Neither is there anything new in the arguments for the existence of ‘copycat’ crimes. Simply because young people are exposed to, and ‘participate’ in, violent media it is claimed they will imitate it. There have been studies which have tried to prove the existence of the ‘copycat effect’, though they are not taken seriously by many contemporary psychologists. These studies still inform many who would take the view that human beings are passive media consumers: we don’t think about messages given to us by the media, we mindlessly act on them.

Like so many who would subscribe to the ideas contained within this moral panic, many have missed the point ‘By the Book’ is trying to make (albeit tastelessly). Grand Theft Auto games have always provided a critique of contemporary society as part of the gameplay. There is a parody of Fox News called ‘Weasel News’ (“confirming your prejudices”) and a social networking site called Lifeinvader. Its tagline? “Where Your Personal Information Becomes A Marketing Profile (That We Can Sell)”

The background to ‘By the Book’ is that Trevor Philips, an amoral career criminal, has been commissioned by the manipulative FIB (the game’s take on the American Secret Service, the FBI) to torture a man to retrieve information on someone hiding in the fictional city of Los Santos. While Trevor tortures the victim, another character disapproves from a distance. Since Trevor is unpopular with many gamers due to his amorality and deviant psychopathy, the player is being encouraged to identify with the victim. After the mission, Trevor launches into a lengthy monologue on the ineffectiveness of torture as a means of retrieving information, concluding that torture is just a grotesque hobby for evil people to inflict pain others. The mission is a critique of American state-sponsored torture.

Though the mission’s premise was good, the gameplay proved a step too far, even for gamers. Keith Best, CEO of Freedom from Torture, said: “If Rockstar North’s message is a satirical critique of the practice of torture, it’s lost on us.” But worst of all, just like much of the other carnage you create, the game soon resets and the victim has no more involvement in the narrative.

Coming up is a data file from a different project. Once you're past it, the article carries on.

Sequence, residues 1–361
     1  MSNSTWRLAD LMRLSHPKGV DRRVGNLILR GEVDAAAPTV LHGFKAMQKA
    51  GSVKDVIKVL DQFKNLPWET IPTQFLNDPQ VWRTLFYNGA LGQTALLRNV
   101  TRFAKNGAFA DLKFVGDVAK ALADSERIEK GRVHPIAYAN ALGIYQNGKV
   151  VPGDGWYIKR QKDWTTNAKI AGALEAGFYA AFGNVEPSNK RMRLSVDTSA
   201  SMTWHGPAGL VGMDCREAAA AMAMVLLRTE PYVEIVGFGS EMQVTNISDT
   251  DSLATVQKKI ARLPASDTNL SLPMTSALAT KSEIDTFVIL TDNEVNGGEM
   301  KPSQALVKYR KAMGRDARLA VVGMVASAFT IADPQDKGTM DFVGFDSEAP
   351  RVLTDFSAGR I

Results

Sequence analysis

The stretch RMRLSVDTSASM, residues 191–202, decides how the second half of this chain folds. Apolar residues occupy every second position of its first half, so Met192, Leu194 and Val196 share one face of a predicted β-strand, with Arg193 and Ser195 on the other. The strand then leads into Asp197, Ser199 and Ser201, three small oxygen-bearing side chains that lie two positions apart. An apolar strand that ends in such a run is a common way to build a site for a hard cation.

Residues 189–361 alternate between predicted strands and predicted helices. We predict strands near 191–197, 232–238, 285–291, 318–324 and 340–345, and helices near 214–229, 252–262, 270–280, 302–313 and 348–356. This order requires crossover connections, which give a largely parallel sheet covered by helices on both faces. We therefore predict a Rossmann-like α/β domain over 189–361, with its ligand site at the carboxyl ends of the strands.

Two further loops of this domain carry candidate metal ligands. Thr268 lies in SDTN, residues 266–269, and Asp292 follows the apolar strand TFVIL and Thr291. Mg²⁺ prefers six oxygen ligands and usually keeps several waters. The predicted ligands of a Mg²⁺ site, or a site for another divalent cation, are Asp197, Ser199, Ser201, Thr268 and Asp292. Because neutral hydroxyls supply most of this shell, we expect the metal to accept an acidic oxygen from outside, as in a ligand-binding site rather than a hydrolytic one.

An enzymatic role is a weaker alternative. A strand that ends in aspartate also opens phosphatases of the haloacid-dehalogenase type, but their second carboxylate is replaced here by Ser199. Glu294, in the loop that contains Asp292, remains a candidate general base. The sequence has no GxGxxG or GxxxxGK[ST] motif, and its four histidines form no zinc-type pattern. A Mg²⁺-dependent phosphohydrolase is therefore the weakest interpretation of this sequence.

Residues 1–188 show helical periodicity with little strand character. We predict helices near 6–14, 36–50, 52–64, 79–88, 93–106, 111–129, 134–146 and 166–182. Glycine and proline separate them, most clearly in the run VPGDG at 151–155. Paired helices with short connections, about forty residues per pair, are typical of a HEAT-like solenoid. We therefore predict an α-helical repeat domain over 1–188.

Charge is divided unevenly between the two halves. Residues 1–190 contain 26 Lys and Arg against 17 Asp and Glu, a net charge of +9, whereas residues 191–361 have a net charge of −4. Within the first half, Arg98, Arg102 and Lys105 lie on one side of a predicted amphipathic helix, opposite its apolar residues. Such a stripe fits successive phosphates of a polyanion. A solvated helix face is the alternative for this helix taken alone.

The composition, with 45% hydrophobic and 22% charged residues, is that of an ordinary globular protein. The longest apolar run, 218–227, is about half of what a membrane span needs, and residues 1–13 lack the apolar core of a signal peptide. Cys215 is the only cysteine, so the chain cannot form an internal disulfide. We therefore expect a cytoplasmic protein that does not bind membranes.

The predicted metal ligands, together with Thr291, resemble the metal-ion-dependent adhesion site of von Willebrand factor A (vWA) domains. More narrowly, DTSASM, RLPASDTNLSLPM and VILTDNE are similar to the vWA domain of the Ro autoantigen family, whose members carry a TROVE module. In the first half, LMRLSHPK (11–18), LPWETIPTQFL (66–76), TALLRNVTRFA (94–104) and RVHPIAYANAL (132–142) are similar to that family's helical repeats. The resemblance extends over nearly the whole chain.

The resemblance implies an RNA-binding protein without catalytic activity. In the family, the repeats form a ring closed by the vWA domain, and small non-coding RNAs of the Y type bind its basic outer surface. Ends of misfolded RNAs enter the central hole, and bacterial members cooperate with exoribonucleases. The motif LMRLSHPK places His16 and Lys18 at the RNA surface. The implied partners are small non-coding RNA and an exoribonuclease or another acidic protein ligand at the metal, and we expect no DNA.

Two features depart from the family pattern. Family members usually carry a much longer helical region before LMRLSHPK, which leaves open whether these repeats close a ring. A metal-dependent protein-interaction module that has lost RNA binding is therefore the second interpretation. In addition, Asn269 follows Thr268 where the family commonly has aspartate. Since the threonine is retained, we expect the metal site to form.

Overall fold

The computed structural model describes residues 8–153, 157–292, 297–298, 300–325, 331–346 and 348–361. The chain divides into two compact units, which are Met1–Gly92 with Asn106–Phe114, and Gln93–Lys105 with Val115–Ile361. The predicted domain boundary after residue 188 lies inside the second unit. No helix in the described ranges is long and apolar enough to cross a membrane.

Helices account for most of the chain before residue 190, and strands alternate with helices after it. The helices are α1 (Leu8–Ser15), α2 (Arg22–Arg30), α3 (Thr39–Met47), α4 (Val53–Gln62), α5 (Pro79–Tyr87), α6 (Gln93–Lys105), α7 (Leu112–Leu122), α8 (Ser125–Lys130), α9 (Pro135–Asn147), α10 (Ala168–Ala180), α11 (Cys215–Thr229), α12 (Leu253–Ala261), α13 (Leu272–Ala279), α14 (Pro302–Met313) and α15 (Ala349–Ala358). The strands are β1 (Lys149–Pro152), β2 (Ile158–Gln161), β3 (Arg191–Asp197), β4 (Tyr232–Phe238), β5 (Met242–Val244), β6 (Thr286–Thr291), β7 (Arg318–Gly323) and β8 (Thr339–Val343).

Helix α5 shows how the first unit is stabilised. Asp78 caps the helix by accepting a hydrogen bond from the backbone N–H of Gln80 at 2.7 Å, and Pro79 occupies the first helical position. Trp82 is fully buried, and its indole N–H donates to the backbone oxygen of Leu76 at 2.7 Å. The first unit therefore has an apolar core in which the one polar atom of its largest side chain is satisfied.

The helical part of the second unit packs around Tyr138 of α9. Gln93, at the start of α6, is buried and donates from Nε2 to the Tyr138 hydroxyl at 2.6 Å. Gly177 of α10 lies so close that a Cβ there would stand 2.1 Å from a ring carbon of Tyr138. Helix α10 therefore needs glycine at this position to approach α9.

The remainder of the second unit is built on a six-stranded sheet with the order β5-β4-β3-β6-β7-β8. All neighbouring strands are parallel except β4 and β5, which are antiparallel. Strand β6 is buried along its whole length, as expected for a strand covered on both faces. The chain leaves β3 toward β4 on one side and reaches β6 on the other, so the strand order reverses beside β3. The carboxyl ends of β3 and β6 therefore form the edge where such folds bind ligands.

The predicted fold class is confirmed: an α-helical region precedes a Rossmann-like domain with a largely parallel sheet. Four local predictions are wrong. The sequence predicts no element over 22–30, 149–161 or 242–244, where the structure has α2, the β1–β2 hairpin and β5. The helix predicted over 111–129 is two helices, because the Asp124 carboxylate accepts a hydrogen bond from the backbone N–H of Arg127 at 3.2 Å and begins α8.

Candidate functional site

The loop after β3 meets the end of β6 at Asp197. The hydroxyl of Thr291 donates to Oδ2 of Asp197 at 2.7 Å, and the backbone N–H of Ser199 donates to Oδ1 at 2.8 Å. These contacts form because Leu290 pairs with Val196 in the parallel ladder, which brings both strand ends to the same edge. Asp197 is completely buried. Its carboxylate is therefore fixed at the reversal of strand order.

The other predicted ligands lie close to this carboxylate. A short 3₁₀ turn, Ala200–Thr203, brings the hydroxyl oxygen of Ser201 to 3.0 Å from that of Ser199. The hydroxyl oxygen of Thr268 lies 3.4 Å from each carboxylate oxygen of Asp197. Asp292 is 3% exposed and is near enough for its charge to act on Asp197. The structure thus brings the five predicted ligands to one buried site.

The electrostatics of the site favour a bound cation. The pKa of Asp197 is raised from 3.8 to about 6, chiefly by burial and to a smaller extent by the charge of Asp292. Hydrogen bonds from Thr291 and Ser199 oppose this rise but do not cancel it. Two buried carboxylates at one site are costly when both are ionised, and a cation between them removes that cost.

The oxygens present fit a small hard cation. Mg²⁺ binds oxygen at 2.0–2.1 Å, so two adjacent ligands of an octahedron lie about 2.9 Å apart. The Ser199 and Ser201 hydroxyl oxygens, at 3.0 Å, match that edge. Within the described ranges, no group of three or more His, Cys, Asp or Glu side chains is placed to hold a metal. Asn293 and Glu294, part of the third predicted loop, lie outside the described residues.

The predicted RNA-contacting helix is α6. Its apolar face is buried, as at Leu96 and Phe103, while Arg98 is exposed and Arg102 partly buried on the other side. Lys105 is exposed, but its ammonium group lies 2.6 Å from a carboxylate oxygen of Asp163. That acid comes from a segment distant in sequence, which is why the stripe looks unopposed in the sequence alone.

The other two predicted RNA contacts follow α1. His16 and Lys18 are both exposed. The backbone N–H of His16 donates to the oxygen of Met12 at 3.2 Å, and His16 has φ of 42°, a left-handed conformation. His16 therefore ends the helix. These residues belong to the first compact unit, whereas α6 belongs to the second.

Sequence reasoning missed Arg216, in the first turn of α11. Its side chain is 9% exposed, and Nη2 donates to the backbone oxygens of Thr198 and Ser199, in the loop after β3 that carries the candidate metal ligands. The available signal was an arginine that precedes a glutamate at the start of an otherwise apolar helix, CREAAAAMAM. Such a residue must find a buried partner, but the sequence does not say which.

This element of gameplay can desensitise a player to violence, causing them to lose the ability to form a link between their actions and consequences. Grand Theft Auto never lets the player see the full extent of their actions because everything returns to normal a few minutes later, or a cheat code can be put in to restore normality. The psychological implication is therefore that players do not make the link between actions and (lasting) consequences in real life. It’s the ability of games to desensitise people to violence which is so dangerous. In this way, violent games like GTA V can act as a catalyst for those who are already violent for whatever reason; and that is troubling.

Society does need to be vigilant about some issues that have caused moral panics in the past, such as concerns over the availability of drugs or the ability of paedophiles to be able to work in schools. These must be reasonably debated, however, rather than plastered on the front page of a tabloid as a hysterical, knee-jerk reaction. Claiming a video game will turn its players into mass murderers misses the more subtle messages these games are trying to put out.